UBC Theses and Dissertations
To rebuild the empire: Lu Chih (754-805) and his response to the mid-Tang predicament Chiu-Drake, Josephine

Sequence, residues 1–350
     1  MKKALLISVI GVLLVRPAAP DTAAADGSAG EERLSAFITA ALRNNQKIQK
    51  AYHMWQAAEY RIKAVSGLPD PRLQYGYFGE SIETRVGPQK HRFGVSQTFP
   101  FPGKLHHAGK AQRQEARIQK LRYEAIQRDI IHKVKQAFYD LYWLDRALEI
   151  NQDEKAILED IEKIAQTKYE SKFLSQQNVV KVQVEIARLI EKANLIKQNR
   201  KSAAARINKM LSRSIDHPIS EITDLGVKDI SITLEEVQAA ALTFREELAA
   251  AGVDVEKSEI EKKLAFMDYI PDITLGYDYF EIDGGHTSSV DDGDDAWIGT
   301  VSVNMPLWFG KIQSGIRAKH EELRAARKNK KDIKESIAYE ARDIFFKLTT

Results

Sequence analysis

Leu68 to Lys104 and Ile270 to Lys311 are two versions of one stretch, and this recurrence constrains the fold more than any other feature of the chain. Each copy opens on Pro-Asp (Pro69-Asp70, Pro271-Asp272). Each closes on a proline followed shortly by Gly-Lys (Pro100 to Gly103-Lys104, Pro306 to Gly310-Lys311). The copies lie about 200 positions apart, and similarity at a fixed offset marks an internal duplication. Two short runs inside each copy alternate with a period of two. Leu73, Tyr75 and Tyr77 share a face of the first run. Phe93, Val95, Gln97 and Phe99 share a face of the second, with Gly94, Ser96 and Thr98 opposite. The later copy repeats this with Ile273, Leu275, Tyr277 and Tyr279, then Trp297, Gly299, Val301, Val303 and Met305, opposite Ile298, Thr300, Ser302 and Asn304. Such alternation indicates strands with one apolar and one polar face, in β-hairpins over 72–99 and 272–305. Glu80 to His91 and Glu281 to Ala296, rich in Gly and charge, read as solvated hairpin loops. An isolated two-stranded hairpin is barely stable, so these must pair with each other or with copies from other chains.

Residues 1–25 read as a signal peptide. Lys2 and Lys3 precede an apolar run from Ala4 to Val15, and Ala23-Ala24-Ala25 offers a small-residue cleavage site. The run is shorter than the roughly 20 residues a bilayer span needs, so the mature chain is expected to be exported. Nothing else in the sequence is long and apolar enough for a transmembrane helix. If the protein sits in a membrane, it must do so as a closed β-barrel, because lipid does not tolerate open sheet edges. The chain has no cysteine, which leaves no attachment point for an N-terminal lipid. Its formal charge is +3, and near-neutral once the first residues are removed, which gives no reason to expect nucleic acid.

This study examines Lu Chih's efforts to rebuild the Tang empire toward the end of the eighth century, revises the previous views of Lu Chih as either a pure pragmatist or a conservative moralist, and establishes the significance of his political endeavors in the context of the mid-Tang Confucian revival movement. After a thorough exploration of Lu's life and his family background, this work shows that two complementary principles underlay Lu Chih's approach to government: the principle of righteousness (1) and the principle of expediency (Ch'iian). Lu's application of these principles, especially his interpretation of ch'ilan, is demonstrated by reference to his memorials to emperor Te-tsung and by his political practice. My analysis of Lu's application of these principles leads me to conclude that Lu's approach to government, both moralistic and pragmatic, may be characterized as a Confucian pragmatist approach. Relying upon this approach during the earlier stage of his official life as a Han-lin scholar, Lu Chih is seen to have been instrumental in the restoration of dynastic stability. Lu Chih continued to employ his Confucian pragmatist approach in formulating a number of policies during his tenure as Chief Minister. His earlier advice to the throne as Han-lin scholar is consistently reflected in these policies designed to realize his vision of an ideal Confucian benevolent government. Although all of his proposed policies were intended to meet current needs, their ultimate goal is shown to be the improvement of the public well-being. Lu's commitment to the public good was such that he consciously risked his political life for the sake of his Confucian political convictions. A comparative analysis of Lu Chih's political and social concerns and those of the leading figures of the mid-T'ang Confucian revival reveals many close affinities, and thus establishes Lu Chih's genuine place among them. While he failed to break new conceptual ground for the Confucian revival, his political life alone is seen as a behavior paradigm of the ideal Confucian minister for the mid-Tang Confucian revivalists, and this is precisely Lu's unique contribution to that most significant mid-T'ang movement.
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